Baxandall inspired tone control – response simulation

Here is an example of parametric sweep, showing one possible way of potentiometer and variable resistor simulation in LTSPICE. I will use commonly referenced tone control, originally suggested by James and modified by Baxandall to utilize active tone control scheme.

I scaled values of Baxandall circuit and also used operational amplifier instead of electronic tube used in original schematic. I’m mostly interested in frequency response simulation, so I’m not very concerned with quality of LT1128 model supplied by Linear Technology as “black box”. It should be good enough for our purposes.

Files, used in this example are included in Baxandall Tone


Modified Baxandall tone control

Modified Baxandall tone control


Baxandall tone control frequency response

Baxandall tone control frequency, phase and impedance response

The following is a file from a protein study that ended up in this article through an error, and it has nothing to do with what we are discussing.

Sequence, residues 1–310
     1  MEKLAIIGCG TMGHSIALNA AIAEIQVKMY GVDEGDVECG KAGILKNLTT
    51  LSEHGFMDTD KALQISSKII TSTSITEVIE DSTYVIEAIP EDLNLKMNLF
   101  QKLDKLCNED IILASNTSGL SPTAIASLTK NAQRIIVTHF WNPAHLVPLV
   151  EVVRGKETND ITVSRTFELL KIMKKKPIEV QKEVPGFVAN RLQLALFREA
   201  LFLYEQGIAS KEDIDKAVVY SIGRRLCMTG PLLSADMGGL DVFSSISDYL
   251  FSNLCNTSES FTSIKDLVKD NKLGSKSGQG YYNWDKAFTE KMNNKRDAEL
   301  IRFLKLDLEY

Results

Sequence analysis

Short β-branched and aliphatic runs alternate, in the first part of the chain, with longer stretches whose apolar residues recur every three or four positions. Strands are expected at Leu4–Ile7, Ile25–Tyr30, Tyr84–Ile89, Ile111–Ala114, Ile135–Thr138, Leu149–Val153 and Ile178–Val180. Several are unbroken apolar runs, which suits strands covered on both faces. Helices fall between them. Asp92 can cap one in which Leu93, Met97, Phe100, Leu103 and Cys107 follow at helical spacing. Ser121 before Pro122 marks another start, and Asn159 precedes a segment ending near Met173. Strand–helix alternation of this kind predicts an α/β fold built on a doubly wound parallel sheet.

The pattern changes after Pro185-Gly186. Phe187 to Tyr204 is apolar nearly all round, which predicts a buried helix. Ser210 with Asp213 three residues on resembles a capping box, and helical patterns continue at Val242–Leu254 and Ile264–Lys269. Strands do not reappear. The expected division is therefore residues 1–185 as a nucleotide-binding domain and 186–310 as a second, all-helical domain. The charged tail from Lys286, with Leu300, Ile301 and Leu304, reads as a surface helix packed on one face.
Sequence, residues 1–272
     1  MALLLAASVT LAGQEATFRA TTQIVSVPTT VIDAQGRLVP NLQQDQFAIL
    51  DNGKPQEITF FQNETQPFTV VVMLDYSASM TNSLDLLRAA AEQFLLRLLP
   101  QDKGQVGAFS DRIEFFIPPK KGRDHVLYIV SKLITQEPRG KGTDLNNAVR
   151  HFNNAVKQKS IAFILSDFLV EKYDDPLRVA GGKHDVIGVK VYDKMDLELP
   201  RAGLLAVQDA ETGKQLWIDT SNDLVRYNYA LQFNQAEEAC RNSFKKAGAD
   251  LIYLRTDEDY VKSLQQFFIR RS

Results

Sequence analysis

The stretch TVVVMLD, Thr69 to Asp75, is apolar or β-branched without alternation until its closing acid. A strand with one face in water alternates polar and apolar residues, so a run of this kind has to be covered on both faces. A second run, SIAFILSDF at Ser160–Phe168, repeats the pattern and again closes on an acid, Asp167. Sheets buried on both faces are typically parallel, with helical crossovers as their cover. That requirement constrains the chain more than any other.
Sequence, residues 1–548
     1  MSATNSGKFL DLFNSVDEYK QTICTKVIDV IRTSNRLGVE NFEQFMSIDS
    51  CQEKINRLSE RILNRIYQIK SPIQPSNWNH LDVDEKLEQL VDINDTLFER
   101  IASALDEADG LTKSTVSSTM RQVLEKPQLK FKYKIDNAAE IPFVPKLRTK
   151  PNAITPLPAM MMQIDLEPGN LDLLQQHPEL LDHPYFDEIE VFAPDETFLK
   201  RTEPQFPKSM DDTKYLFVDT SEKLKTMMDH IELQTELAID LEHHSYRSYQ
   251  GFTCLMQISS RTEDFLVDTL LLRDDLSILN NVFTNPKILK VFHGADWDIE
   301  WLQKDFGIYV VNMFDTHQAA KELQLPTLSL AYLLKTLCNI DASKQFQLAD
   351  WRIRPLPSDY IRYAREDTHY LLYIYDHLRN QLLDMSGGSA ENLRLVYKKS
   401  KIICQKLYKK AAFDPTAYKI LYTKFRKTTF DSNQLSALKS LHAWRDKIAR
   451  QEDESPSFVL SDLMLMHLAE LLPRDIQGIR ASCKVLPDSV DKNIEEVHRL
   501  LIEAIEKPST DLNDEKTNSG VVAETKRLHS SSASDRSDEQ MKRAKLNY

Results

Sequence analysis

You may have noticed low input impedance with some potentiometer settings even with relatively high resistor values. This circuit requires input buffer for most real life application. You should be careful, deciding what will drive this circuit.

Additional bands could be added to provide control over mid frequency range.

3 Band Tone Control

3 Band Tone Control


3 Band Tone Control Impedance, Phase and Frequency Response Plot

3 Band Tone Control Impedance, Phase and Frequency Response

While I’m not big fan of this kind of tone controls, and their usability is very questionable to me, we are not going to discuss it now. Purpose of this post was to show one more example of parametric sweep and the way to simulate potentiometer in LTSPICE.


3 Responses to Baxandall inspired tone control – response simulation

  1. Thank you for the auspicious writeup. It in fact was a amusement account it. Look advanced to more added agreeable from you! By the way, how could we communicate?

  2. Steven says:

    Baxandall inspired tone control

    looked good until I did the .tran analysis on a sine wave input.

    .tran 15us
    .param RLF1 = 23.5k
    .param RHF1 = 23.5k
    setting V2 = sine 100mv, 640Hz

    the output oscillates at ~ 2.5MHz with a peak-peak amplitude of ~3.5v .

    Curiously, the envelope of these oscillations follows the input signal.

    Eh ??

  3. Jos Franke says:

    Add a 10p capacitor between the output of U1 and it’s inverting input.
    This will stop the oscillation of U1.